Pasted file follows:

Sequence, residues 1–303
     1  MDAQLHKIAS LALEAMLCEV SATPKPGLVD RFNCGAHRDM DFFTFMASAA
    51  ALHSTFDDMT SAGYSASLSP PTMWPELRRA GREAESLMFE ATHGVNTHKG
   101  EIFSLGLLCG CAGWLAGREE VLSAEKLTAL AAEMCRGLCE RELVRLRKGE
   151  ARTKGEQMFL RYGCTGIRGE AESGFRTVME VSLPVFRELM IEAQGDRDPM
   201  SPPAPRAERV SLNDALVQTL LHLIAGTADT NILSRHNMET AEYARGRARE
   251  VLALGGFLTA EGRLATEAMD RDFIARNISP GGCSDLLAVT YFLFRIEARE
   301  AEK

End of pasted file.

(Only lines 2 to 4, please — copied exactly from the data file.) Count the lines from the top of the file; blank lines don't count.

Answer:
     1  MDAQLHKIAS LALEAMLCEV SATPKPGLVD RFNCGAHRDM DFFTFMASAA
    51  ALHSTFDDMT SAGYSASLSP PTMWPELRRA GREAESLMFE ATHGVNTHKG
   101  EIFSLGLLCG CAGWLAGREE VLSAEKLTAL AAEMCRGLCE RELVRLRKGE